Wednesday, 20 September 2017

Henley Rotary Club

Henley Rotary Club

FORMER Mayor of Henley Julian Brookes gave a talk about his career in the Royal Navy at the club president’s annual dinner.

Lionel Scott welcomed 30 guests to Leander Club for a two-course meal of baked cod wrapped in bacon followed by lemon posset with fruit.

Councillor Brookes, whose year of office ended in May but is still a town councillor, is a former engineering officer who served on submarines.

Mr Scott, who lives in the Fair Mile with his wife Iveta, said: “It went very well. Everybody was very convivial and Leander is a great venue for the event. 

“I am interested in things naval and I was the one that actually asked Julian to be the speaker.

“It was very interesting and gave us an insight into naval life. The people they employ on these submarines are the cream of the fleet.

“Several of the other Rotarians came up to me afterwards and said they thought it was interesting and that they learnt something.”

Mr Scott said he had enjoyed his year as president before handing over the chain of office to his successor Maria Bunina.

He said: “We’ve had a successful year in the sense that we have got some new members and everybody seems to be enjoying it.

“It’s quite taxing in that you have to be there a lot of the time and be involved but we have managed to raise quite a lot of money for charity this year at various events.”

On Tuesday last week, Mr Scott chaired his last full meeting as president of the club at the Red Lion Hotel.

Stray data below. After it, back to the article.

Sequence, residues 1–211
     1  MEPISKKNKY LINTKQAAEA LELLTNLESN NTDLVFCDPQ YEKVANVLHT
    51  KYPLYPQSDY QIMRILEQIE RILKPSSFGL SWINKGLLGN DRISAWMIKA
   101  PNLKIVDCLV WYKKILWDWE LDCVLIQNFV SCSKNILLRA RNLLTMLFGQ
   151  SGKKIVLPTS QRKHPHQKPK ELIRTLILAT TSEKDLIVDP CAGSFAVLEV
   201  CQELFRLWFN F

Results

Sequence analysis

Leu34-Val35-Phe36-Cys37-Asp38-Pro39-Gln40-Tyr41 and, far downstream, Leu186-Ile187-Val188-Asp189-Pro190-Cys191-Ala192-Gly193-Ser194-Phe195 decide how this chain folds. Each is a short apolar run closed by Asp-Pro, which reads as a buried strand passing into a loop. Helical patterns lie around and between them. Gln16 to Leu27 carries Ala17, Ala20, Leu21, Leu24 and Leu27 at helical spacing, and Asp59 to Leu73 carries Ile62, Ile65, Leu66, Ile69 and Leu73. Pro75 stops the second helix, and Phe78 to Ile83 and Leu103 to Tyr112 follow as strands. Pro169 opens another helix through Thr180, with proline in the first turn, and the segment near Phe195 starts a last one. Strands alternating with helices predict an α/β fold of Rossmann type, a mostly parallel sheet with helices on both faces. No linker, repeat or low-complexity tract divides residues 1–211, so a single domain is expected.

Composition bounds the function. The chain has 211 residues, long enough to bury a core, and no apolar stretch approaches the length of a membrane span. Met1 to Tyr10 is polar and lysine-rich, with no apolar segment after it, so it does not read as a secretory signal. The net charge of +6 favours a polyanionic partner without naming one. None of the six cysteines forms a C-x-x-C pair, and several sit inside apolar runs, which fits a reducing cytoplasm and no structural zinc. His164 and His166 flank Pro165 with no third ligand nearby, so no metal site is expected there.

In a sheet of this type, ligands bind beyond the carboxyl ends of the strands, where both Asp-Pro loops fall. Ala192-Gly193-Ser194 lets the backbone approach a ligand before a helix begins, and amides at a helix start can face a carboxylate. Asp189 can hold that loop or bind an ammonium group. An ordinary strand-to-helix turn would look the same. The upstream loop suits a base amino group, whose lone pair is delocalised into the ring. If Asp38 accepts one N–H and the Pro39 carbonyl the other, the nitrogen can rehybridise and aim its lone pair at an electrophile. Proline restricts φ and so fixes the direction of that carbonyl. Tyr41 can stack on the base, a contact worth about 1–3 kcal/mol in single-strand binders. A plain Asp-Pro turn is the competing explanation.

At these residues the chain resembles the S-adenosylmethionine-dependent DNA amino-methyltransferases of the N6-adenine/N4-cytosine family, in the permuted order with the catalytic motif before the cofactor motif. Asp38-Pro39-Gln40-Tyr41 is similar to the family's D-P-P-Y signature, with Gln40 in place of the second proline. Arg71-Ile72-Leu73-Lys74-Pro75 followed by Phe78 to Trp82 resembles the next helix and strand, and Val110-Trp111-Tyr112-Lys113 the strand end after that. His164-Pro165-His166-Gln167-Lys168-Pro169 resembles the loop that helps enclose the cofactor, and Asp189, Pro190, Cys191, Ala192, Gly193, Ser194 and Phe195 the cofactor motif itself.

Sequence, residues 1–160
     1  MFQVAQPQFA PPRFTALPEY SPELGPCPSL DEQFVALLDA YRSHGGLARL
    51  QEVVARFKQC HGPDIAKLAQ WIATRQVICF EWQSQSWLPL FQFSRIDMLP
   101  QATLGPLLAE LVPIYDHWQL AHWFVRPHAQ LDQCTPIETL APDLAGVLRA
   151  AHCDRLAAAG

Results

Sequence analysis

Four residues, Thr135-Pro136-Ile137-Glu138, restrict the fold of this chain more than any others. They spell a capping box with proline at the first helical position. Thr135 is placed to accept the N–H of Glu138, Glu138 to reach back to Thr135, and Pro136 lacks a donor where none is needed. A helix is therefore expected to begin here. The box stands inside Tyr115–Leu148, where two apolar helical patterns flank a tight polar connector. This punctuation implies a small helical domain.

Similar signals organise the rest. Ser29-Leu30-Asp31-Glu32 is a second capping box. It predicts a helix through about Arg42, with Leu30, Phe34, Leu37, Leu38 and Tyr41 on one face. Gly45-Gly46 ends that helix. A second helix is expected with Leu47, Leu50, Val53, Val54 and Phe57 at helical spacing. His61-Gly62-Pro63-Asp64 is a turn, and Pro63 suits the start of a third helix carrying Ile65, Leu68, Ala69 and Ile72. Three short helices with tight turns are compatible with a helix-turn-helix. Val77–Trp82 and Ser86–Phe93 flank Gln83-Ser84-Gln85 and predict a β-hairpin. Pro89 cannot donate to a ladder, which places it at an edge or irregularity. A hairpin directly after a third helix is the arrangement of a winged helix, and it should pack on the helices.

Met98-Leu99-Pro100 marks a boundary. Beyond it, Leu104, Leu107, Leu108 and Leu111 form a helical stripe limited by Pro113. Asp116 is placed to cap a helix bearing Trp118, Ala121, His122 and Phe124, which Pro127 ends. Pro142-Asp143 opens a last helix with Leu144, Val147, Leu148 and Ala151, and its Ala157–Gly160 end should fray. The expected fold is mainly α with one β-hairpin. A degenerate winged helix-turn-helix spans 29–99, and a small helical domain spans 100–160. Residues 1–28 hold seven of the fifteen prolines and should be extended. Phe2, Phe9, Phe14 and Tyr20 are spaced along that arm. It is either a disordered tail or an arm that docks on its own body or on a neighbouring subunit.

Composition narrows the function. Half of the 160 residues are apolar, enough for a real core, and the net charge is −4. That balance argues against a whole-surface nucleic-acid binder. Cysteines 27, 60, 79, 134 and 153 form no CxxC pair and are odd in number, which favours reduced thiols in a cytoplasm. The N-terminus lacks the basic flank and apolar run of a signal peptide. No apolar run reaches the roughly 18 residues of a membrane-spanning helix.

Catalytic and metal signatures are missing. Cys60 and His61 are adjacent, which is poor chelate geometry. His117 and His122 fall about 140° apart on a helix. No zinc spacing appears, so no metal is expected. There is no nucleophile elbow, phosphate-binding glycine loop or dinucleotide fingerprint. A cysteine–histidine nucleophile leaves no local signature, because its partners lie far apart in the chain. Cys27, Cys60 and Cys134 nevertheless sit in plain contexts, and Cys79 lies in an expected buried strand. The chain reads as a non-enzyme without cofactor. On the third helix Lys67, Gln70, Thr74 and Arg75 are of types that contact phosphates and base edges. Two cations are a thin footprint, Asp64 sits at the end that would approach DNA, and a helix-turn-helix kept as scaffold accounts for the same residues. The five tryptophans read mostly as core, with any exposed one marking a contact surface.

Members heard about Citizens Advice in Henley, formerly known as the Citizens Advice Bureau or CAB.

Andy Jones, manager of the Henley office, explained that this operation was one-quarter of the Oxfordshire South and Vale Citizens Advice.

This is one of 300 local members of the National Association of Citizens Advice Bureaux and is an independent charity responsible for its own funding.

In addition to the manager, the Henley office has six to eight volunteers present during opening hours with varying areas of expertise. In a survey of the clients, the service received very high satisfaction.

Mr Jones explained that they provide free, confidential and impartial advice to everyone in the community on the problems they face and, as a result of their conversations with clients, research and campaign to improve policies which affect people’s lives.

The top five advice topics were eligibility for benefits, debt management, employment, housing and family relationships.

As to the particular challenges facing the Henley operation, Mr Jones said there was a ready supply of suitable volunteers and support from Henley Town Council, which provides the building.

However, there was a perception that there is no need in Henley and that the building is old and in need of maintenance.

As a result of funding from South Oxfordshire District Council being reduced, Citizens Advice was always seeking new local partnerships and had received support from various organisations, such as Rotary and the Lions.

After Mr Jones’s talk, Rotarian Jim McWhirter, a member of the Reading Matins club as well as a trustee of the Friends of the Henley CAB, suggested that one of the most significant improvements which could be made to the building was in the reception area, which was so unwelcoming.

He suggested that Henley Rotary Club could raise funds for this and other improvements.

As a result, it should be eligible for a grant of up to £1,500 from Rotary District 1090 as a consequence of the club’s $100 per member per annum contribution to the Rotary Foundation, the international charity.

He offered to assist the club in making the arrangements.

In thanking Mr Jones and Rotarian McWhirter, David Rusman commented that “Jim is one of the good eggs of Rotary”.

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